Keke Palmer challenges National Guard to march with L.A. protesters: 'Protect us'

Christi Carras, Los Angeles Times on

Published in Entertainment News

LOS ANGELES -- Keke Palmer is being hailed as a hero after a recent video of the actress inviting the National Guard to march with protesters in Hollywood went viral.

In the video, tweeted Tuesday by NBC News correspondent Gadi Schwartz, Palmer can be seen passionately urging National Guardsmen to leave their post and join the peaceful protest demanding justice for George Floyd, Breonna Taylor, Ahmaud Arbery and other black victims of racial violence.

"Once 'the looting starts, the shooting starts?'" Palmer says, quoting a controversial tweet from President Trump that has been flagged for "glorifying violence" by Twitter. "You have a president talking about the Second Amendment as a use for people to come out here and use firearms against the people that are protesting. This is the messages we're seeing.

"I don't know if you on social media, because the news don't tell you everything, but you have to pay attention to what's going on. ... We have a president that's trying to incite a race war. And when the borders are closed, we can't leave. You have people in here that need your help. This is when you and y'all stand together with the community, with society, to stop ... the governmental oppression. Period. We need you."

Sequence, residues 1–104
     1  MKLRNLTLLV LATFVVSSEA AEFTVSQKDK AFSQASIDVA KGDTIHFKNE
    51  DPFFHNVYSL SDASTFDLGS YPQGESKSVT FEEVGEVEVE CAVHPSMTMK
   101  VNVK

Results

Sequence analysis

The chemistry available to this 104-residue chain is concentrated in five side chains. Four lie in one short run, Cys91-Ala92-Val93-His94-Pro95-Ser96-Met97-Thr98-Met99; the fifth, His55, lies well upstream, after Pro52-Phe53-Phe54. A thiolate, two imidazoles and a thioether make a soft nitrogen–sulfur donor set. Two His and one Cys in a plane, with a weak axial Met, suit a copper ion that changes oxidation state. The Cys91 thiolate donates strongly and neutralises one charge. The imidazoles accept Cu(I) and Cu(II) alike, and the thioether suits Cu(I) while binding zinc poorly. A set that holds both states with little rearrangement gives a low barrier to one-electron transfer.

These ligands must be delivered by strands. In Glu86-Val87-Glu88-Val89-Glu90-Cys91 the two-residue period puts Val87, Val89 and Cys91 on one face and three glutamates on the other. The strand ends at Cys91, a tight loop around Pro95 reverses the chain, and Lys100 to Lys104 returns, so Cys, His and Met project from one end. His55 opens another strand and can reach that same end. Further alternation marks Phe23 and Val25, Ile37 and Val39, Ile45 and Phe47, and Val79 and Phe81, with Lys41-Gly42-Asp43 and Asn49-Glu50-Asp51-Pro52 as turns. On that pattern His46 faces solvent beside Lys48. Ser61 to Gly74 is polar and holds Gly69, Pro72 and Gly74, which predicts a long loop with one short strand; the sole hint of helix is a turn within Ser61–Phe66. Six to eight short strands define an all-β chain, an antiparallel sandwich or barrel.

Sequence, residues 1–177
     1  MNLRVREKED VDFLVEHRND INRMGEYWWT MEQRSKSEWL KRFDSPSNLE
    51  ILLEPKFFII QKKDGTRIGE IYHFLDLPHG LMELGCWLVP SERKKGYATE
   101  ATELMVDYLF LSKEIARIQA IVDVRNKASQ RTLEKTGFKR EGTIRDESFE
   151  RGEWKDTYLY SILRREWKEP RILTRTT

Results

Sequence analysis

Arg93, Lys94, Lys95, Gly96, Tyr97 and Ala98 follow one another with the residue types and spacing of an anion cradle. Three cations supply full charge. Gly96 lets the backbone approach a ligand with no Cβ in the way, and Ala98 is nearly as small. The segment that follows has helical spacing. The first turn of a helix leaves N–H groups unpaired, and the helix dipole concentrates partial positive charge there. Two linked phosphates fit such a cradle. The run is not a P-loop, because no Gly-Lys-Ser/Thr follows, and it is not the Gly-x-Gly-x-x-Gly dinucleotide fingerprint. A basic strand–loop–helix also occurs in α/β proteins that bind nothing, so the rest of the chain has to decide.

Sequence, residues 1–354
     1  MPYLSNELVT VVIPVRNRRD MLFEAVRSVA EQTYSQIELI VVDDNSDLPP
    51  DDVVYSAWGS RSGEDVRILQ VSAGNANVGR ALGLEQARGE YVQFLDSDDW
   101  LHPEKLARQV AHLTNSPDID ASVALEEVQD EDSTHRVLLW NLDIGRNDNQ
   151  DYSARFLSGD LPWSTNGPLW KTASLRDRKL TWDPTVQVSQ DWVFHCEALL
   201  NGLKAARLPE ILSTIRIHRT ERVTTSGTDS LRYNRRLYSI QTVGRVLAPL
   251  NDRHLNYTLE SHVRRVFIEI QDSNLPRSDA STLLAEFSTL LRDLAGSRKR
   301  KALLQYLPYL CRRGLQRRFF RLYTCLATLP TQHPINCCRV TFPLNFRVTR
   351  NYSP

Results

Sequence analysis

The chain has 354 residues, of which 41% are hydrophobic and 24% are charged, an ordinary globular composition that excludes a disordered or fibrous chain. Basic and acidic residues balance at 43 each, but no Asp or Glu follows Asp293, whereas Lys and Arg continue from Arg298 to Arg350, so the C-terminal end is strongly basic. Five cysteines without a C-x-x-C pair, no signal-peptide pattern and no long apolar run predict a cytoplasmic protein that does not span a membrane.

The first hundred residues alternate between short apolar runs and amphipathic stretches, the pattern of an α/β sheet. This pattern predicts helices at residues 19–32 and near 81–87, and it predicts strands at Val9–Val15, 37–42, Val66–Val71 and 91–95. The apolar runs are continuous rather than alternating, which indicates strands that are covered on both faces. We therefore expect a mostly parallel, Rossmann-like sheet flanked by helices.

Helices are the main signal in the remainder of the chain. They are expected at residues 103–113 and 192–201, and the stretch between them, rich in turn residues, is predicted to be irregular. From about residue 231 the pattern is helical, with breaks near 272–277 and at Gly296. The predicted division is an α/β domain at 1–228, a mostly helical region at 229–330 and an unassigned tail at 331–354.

When one guardsman says he agrees with Palmer, the "Hustlers" star calls for action.

"So then march with us. March beside us," she says. "Let the revolution be televised. March beside us, and show us that you're here for us. Make history with us, please. ... Come on. Be the change. Do it. Do it, please. Do it, please. We are good people. March with us."


As "March with us!" chants echo through the crowd, one guardsman standing face-to-face with Palmer says, "I'll make you a deal."

"I can't leave this post. I will march through this street with you guys," he says. "I will march from this intersection to that intersection, but I have to patrol this area."

"Patrol?" Palmer repeats. "What is there to patrol, man? March with us. It would send a huge message. ... Protect us. Y'all, march with us. March around like we just did. Do that march with us, y'all. Stand beside us."

The guardsman then reiterates his duty to "hold this intersection," but Palmer stands her ground.


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